California Legislature—2015–16 Regular Session

Assembly Concurrent ResolutionNo. 66

Introduced by Assembly Member Bonta

(Coauthors: Assembly Members Chang, Chau, Chiu, Chu, Kim, Low, Ting, and Williams)

(Coauthors: Senators Liu and Pan)

May 11, 2015

Assembly Concurrent Resolution No. 66—Relative to Filipino American History Month.


ACR 66, as introduced, Bonta. Filipino American History Month.

This measure would recognize the month of October 2015 as Filipino American History Month and the 428th anniversary of the first presence of Filipinos in the continental United States.

Fiscal committee: no.

P1    1WHEREAS, Filipinos and Filipino Americans have been
2contributing to California and the United States for hundreds of
3years, ever since October 18, 1587, when the first “Luzones Indios”
4set foot in Morro Bay, California, on board the Nuestra Señora de
5Esperanza, a Manila-built galleon ship captained by Pedro de
6Unamuno of Spain; and

7WHEREAS, In the late 1700s and early 1800s, Filipinos helped
8Father Junípero Serra establish the California mission system; and

9WHEREAS, Since the late 1800s, Filipino communities have
10existed in southern Louisiana, according to oral histories recorded
11by Rhonda Richoux Fox; and

P2    1WHEREAS, After the Philippines was colonized, Filipinos
2began immigrating to San Francisco, where they contributed to
3the city both as military personnel and as service sector workers
4such as bellhops, dishwashers, servants, and cooks; established,
5by the 1920s, a thriving community around Kearny and Jackson
6Streets, which became known as “Manilatown”; and settled, during
7the post World War II era, into the Fillmore, South of Market, and
8Excelsior districts; and

9WHEREAS, Between 1906 and 1935, the first large wave of
10Filipino immigration to the United States began, as Filipinos were
11recruited to California, Alaska, and Hawaii to work in the
12agricultural industries, canneries, and sugarcane plantations,
13respectively; and

14WHEREAS, The Filipino contract workers in Hawaii, or
15“Sakadas,” became the largest group of Asians on the sugarcane
16plantations by the 1920s; and

17WHEREAS, At the turn of the 20th century, Filipino students,
18or “pensionados,” farm workers, and laborers in manufacturing
19and in the service sector began settling in Stockton and the
20surrounding San Joaquin Delta area, where they built a community
21that became the largest concentration of Filipinos outside of the
22Philippines and established a thriving six-block ethnic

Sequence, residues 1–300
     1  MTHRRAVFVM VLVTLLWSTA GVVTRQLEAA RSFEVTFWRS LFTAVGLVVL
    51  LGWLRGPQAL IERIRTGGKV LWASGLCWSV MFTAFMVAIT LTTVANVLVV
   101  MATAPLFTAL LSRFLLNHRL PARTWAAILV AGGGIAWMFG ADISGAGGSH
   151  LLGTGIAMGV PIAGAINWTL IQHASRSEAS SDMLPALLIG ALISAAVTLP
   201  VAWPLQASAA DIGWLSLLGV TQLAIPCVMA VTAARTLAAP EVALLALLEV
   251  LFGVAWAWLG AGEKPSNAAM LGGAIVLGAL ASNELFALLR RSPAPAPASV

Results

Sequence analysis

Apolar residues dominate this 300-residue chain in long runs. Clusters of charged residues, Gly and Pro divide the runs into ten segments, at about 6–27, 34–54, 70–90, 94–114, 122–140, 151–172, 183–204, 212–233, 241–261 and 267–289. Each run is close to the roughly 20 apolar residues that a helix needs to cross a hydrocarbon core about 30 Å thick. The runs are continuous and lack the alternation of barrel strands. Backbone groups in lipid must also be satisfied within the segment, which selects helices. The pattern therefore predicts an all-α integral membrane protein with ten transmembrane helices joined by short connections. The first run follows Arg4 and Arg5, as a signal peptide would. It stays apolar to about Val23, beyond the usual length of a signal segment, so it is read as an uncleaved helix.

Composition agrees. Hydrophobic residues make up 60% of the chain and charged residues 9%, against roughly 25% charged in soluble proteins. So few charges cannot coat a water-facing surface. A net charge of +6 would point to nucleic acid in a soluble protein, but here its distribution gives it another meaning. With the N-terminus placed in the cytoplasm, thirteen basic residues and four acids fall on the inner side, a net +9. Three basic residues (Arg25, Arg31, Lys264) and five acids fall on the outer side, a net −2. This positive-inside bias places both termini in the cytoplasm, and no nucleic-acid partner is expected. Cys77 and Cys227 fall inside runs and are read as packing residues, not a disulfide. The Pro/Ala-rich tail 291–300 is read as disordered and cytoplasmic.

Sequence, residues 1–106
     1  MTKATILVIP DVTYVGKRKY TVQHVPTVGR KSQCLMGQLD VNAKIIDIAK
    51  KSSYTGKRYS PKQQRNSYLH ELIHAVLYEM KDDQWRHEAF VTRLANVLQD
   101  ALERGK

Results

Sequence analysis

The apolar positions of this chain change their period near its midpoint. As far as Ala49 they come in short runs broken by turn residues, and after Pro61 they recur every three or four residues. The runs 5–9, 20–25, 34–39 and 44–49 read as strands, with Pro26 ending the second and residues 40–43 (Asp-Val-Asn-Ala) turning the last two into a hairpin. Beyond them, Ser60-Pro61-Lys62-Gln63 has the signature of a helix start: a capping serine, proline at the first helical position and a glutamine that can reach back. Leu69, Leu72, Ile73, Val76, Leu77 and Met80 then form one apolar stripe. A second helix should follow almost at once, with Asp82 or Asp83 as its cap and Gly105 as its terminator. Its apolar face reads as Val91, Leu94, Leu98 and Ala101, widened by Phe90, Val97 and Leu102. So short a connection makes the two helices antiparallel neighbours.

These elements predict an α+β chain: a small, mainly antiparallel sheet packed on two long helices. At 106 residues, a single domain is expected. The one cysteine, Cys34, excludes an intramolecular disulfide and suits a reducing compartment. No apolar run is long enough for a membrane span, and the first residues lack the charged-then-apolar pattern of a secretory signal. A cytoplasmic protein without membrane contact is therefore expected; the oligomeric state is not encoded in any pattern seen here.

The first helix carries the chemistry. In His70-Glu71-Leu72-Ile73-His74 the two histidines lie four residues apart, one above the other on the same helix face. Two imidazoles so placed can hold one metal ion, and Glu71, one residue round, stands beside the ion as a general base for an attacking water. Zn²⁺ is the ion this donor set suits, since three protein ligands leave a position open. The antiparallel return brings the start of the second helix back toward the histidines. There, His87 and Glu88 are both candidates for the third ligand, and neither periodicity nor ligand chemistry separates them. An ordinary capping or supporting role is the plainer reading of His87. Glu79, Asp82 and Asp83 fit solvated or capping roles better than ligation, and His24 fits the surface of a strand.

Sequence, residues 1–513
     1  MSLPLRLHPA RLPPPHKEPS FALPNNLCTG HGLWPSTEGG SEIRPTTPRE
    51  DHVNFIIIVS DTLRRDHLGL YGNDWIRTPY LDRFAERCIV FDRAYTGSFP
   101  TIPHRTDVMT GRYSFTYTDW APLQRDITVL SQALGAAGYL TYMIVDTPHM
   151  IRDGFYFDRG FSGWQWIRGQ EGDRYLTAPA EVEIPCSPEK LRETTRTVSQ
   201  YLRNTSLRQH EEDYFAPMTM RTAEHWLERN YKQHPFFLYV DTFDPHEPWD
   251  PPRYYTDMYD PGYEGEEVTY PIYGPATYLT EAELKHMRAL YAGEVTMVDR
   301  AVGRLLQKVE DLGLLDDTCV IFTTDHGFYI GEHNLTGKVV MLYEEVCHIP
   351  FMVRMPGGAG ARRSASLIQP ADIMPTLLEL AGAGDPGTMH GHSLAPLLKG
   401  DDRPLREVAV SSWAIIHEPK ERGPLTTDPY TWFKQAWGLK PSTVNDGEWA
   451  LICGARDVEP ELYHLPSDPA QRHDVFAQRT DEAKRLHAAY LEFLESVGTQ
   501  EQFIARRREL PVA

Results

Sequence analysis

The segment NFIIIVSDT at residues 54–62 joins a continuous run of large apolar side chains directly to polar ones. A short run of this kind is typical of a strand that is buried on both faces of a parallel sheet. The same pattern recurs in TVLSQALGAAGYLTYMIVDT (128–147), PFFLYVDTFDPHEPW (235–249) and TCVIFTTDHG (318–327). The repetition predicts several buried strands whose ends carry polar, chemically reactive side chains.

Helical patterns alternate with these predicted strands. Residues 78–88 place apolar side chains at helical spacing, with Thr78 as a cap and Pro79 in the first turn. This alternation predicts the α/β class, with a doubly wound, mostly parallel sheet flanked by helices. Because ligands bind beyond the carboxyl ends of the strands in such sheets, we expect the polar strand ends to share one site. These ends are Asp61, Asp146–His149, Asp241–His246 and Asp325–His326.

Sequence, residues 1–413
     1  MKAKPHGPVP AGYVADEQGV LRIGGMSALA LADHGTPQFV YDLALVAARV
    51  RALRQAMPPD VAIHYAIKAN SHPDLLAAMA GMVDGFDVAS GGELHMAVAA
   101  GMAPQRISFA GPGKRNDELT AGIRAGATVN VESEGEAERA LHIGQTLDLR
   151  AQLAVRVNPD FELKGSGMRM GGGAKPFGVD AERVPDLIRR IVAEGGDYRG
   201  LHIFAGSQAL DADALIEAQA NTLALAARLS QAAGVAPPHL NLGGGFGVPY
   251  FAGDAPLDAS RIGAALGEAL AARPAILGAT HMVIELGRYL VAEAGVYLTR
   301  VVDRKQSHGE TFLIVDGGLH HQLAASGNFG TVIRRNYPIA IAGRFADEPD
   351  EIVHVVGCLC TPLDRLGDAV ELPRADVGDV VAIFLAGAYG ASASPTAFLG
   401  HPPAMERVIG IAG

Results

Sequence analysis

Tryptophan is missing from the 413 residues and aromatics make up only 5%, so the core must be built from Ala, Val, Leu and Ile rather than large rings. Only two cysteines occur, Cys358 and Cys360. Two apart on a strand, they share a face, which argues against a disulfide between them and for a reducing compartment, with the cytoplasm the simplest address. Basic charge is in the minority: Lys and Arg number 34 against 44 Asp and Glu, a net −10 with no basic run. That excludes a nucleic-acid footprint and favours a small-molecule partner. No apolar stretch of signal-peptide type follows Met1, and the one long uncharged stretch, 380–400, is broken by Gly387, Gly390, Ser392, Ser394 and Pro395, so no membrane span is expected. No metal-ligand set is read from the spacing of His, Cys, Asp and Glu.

23neighborhood that became known as “Little Manila”; and

24WHEREAS, In 2000, the Stockton City Council designated this
25area, in downtown Stockton at the intersection of Lafayette and
26El Dorado Streets, as the “Little Manila Historical Site,” the first
27designation of this kind in the country; and

28WHEREAS, In the first decades of the 20th century, thousands
29of Filipinos in California worked in agricultural fields throughout
30the state, in cities and regions such as the Sacramento-San Joaquin
31Delta, the central coast, Imperial Valley, Orange County, the Inland
32Empire, Delano, Bakersfield, Coachella Valley, and the San
33Francisco Bay area, and became a critical element in the growth
34and political economy of the state, often enduring harsh labor
35conditions and poor wages, but persevering and creating a strong
36legacy of mutual support, strikes, and organization for farm labor
37unionization; and

38WHEREAS, In the 1920s, Filipinos in California also worked
39as laborers in the shipyards of Vallejo, where they established a
40Filipino American community and business center, and became
P3    1so successful that there were thousands of Filipinos working as
2shipbuilders by the start of World War II; and

3WHEREAS, During World War II, approximately 200,000
4Filipino soldiers battled under the command of the United States
5to preserve the liberty of our country and win back the liberty of
6the Philippines from the Japanese occupation; and

7WHEREAS, Thousands of these Filipino soldiers came from
8California, served in the First and Second Filipino Infantry
9Regiments, underwent training at Salinas and at Fort Ord,
10California, and were stationed at Camp Beale near Sacramento
11and Camp Cooke near Santa Maria; and

12WHEREAS, After World War II ended, many Filipinos who
13had served in the United States Navy settled in National City and
14elsewhere in the County of San Diego, as well as in the Cities of
15West Long Beach and Wilmington, where they worked in the Long
16Beach shipyards and Terminal Island canneries, served in the
17harbor area as nurses and medical workers, and created flourishing
18Filipino American communities numbering in the tens of
19thousands; and

20WHEREAS, Between 1941 and 1959, the second wave of
21Filipino immigration to the United States began, as nurses, students,
22“war brides” and fiancées of World War II military personnel and
23veterans, tourists, and Filipino members of the United States Navy
24came to the United States; and

25WHEREAS, In 1965, the third wave of Filipino immigration to
26the United States began, as the passing of the Immigration and
27Nationality Act abolished “national origins” as the basis for
28immigration, allowing for more immigration from Asia and Latin
29America and for much-needed Filipino medical professionals to
30come to the United States to fill United States labor shortages; and